Thursday, June 22, 2006

World Cup Poem I: Elizabeth Alexander

Elizabeth AlexanderI haven't really searched that much* for World Cup poems, or for poems that include World Cup soccer (football) as a theme, subject or even reference, so maybe that's a project for the future (2010). I did come across the following poem, by one of my favorite poets, Elizabeth Alexander, which is more about family in both the personal and broader senses, which is to say, nation and diaspora, but it opens on a collective watching of the 1998 World Cup, which France won on its home soil by defeating Brazil. It's called "The African Picnic," and appears in PEN/America: A Journal for Writers and Readers, issue number 7, "World Voices," which features excerpts from this past spring's PEN American Center New York Festival of International Literature. Elizabeth originally read it as part of her remarks on the "Africa and the World: Writers at Home and Away" panel, which also included Breyten Breytenbach, Achmat Dangor, Tsitsi Dangarembga, and Zakes Mda. The first stanza is one of the tightest of any poem I've come across recently.

The African Picnic

World Cup finals, France v. Brasil.
We gather in Gideon's yard and grill.
The TV sits in the bright sunshine.
We want Brasil but Brasil won't win.
Aden waves a desultory green and yellow flag.
From the East to the West to the West to the East
we scatter and settle and scatter some more.
Through the window, Mama watches from the cool indoors.

Jonah scarfs meat off everybody's plate,
kicks a basketball long and hollers, "goal,"
then roars like the mighty lion he is.
Baby is a pasha surrounded by pillows
and a bevy of Horn of Africa girls
who coo like lovers, pronounce his wonders,
oil and massage him, brush his hair.
My African family is having a picnic, here in the USA.

Who is here and who is not?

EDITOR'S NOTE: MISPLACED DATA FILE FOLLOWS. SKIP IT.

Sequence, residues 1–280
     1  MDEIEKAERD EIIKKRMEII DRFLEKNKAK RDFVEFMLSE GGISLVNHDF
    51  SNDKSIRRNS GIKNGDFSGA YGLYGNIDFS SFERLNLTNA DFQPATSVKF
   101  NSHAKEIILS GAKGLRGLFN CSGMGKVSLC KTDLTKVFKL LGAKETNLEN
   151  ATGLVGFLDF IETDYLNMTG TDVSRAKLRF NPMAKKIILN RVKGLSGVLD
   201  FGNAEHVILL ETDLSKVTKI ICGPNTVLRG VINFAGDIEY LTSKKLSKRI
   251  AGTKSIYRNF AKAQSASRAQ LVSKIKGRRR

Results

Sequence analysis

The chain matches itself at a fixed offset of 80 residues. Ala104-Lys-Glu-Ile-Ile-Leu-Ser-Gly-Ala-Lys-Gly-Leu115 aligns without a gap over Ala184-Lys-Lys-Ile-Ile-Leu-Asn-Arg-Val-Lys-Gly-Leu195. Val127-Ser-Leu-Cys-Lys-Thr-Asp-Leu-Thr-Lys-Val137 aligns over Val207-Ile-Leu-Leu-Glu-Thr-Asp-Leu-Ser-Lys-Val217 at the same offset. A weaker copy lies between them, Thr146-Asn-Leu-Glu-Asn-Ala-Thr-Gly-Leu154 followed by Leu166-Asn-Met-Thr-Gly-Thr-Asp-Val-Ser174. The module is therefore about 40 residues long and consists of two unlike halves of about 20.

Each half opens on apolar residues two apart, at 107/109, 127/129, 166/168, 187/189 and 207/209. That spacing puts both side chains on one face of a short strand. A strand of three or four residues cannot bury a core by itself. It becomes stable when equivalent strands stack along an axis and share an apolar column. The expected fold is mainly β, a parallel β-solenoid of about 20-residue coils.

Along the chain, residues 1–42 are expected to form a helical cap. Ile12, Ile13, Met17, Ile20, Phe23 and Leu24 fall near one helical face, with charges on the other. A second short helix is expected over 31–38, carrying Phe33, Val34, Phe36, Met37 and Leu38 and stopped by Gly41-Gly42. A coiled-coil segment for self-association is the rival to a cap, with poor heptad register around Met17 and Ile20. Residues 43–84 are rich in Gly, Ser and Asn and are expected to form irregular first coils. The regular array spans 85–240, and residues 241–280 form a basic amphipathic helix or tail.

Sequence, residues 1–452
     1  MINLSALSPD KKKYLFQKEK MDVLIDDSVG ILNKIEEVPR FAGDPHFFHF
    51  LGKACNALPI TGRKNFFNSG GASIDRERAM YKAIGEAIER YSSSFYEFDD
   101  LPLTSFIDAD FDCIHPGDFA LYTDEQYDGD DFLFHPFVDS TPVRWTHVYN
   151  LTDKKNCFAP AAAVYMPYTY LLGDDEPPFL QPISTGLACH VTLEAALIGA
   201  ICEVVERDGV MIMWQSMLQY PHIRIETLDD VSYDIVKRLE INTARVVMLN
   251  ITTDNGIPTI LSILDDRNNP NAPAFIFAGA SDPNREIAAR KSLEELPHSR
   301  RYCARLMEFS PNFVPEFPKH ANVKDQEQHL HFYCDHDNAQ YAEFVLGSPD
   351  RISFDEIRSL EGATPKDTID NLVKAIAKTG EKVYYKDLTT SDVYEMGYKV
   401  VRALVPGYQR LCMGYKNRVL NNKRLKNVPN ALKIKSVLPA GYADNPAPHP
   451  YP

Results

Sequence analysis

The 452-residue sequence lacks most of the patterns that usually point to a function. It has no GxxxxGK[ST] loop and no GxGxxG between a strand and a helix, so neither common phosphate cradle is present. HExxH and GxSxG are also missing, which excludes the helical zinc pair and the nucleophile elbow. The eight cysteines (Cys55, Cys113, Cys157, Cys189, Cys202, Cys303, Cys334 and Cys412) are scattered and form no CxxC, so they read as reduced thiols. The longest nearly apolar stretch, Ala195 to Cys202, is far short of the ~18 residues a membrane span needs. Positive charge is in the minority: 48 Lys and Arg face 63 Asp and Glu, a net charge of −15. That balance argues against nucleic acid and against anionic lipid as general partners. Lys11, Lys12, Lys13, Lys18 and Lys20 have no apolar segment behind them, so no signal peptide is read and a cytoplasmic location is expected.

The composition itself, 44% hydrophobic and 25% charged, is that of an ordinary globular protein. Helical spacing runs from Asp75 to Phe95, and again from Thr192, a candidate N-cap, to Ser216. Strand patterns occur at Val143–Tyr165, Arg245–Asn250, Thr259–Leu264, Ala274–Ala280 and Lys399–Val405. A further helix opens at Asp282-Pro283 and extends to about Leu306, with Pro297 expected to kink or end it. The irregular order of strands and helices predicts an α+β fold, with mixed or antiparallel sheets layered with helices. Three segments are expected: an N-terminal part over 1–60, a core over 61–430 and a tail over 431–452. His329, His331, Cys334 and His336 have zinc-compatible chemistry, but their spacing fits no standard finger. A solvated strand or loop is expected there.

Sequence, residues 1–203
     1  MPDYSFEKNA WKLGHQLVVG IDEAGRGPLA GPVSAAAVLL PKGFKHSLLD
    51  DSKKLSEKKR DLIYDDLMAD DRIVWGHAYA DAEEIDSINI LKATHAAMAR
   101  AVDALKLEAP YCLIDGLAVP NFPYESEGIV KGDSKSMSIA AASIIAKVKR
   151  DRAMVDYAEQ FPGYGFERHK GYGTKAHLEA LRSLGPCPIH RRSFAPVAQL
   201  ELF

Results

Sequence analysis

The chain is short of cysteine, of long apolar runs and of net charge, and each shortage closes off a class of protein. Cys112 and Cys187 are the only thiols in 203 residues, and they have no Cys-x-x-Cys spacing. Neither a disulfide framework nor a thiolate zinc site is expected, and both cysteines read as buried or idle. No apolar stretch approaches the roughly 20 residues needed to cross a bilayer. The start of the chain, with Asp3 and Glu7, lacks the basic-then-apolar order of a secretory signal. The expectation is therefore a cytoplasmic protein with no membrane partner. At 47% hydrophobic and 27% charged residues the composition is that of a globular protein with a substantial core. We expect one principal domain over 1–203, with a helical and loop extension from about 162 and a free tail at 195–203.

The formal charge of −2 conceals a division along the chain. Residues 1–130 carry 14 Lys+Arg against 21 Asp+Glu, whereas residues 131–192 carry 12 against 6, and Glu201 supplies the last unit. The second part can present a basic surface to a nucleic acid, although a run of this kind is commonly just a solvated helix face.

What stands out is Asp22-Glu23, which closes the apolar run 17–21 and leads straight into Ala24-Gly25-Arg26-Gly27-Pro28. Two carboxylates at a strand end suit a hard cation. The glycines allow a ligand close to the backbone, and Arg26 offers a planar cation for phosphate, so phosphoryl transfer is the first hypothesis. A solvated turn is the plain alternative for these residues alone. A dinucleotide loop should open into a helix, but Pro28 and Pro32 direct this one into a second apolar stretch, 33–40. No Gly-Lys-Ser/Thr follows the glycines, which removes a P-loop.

When will the phone ring from far away?
Who in few days will say goodbye?
Who will arrive with a package from home?
Who will send presents in other people's luggage
and envelopes of money in other people's pockets?
Other people's children have bcome our children
here at the African picnic.

In a parking lot, in a taxi-cab,
in a winter coat, in an airport queue,
at the INS, on the telephone,
on the crosstown bus, on a South Side street,
in a brand-new car, in a djellaba,
with a cardboard box, with a Samsonite,
with an airmail post, with a bag of spice,
at the African picnic people come and go.

The mailman sees us say goodbye and waves
with us, goodbye, goodbye, as we throw popcorn
ululate, ten or twelve suitcases stuffed in the car.
Goodbye, Mamma, goodbye--
The front door shut. The driveway bare.
Goodbye, Mamma, goodbye.
The jet alights into the night,
a huge, metal machine in flight,
Goodbye, Mamma, goodbye--
At the African picnic, people come and go
and say goodbye.

Copyright © Elizabeth Alexander, 2006.
*Googling "world cup poems" pulls up Football Poets first. The site features "195 World Cup Poems so far!"


  1. I've loved this poem because of the way it tries to get at what it is to be an African American with an African family in the US. Or maybe I'm projecting what I am and know about the poet onto the poem, but it seems that watching football/soccer is the part of this experience that I recognize most.

  2. Mendi, you're right that that's the poem's real subject. I also think Elizabeth is speaking about the coming and going, the circulation, of Blackness, within a family or families, and how traditions are exchanged and developed within and across boundaries. I especially love the refrain, "Goodbye, Mamma, goodbye," which is a direct address but also an appeal to the Motherland, a profoundly Diasporic invocation.

  3. Hey People...
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  4. There's something very special about stories like that!

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